1. Bell, Price. “Laparoscopic Inguinal Hernia Repair Using an Anatomically Contoured Three-Dimensional Mesh.” Surgical Endoscopy. 2003:17:1784-1788.
2. Koch et al. “Randomized Prospective Study of Totally Extraperitoneal Inguinal Hernia Repair: Fixation Versus No Fixation of Mesh.” Journal of the Society of Laparoendoscopic Surgeons. 2006:10:457-460.
Bard 3DMax™ mesh is indicated to reinforce soft tissue where weakness exists, e.g., for repair of hernia and chest wall defects.
Literature reports that there may be a possibility for adhesion formation when Bard 3DMax™ mesh is placed in direct contact with the bowel or viscera.
Do not use Bard 3DMax™ mesh in infants and children, whereby future growth will be compromised by use of such material.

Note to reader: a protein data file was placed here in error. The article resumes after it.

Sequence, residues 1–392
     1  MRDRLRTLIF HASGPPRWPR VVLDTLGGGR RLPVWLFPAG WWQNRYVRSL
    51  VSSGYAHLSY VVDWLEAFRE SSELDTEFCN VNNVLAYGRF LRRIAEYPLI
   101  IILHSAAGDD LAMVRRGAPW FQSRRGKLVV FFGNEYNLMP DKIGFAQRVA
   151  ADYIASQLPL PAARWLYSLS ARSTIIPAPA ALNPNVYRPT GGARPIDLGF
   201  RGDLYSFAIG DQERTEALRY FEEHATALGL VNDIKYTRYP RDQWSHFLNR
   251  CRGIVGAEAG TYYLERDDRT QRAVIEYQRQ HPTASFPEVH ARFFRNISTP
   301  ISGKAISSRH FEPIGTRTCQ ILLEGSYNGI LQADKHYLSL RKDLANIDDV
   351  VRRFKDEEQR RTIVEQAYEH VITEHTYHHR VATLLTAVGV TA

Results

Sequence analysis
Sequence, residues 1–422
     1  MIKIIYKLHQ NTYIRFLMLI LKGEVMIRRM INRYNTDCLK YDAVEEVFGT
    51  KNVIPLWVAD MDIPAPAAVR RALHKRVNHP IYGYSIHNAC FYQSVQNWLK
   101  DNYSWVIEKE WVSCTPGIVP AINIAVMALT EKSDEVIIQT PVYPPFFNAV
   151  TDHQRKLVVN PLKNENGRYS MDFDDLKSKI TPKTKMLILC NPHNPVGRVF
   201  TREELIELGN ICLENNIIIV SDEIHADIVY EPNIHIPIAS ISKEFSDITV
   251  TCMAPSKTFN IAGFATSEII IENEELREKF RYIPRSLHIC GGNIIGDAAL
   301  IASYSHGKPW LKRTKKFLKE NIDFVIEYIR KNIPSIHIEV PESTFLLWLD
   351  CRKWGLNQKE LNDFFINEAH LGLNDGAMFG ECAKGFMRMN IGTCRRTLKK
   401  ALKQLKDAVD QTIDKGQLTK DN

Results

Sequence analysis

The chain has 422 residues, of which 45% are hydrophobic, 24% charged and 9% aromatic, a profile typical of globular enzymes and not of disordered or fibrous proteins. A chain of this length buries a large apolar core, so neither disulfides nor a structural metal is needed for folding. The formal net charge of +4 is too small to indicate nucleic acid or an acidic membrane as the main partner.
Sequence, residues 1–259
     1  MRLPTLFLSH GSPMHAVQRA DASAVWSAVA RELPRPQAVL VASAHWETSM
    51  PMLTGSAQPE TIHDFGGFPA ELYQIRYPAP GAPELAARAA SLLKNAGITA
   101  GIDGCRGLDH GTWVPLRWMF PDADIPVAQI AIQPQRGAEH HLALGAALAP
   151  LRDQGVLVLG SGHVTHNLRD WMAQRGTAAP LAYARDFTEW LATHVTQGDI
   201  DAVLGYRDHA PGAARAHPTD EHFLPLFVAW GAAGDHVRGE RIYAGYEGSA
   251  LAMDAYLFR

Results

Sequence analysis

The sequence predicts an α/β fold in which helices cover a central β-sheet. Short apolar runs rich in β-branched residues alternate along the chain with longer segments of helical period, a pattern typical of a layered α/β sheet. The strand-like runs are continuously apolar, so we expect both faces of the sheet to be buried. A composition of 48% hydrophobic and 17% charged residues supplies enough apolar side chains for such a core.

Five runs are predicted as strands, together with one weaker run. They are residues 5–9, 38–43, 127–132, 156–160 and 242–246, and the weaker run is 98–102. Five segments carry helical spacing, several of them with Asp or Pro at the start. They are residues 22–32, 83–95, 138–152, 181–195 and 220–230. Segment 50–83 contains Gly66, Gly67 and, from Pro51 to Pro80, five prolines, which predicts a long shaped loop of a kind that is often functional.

The use of any permanent mesh or patch in a contaminated or infected wound could lead to fistula formation and/or extrusion of the prosthesis.
If an infection develops, treat the infection aggressively. Consideration should be given regarding the need to remove the mesh. An unresolved infection may require removal of the device.
Do not cut or reshape the Bard 3DMax™mesh as this may affect its effectiveness.
If fixation is used, care should be taken to ensure that the mesh is adequately fixated to the abdominal wall. If necessary, additional fasteners and/or sutures should be used.
If sutures are used to secure the mesh in place, nonabsorbable monofilament sutures are recommended.
Possible complications include seromas, adhesions, hematomas, inflammation, extrusion, fistula formation and recurrence of the hernia or soft tissue defect.
Please consult package insert for more detailed safety information and instructions for use.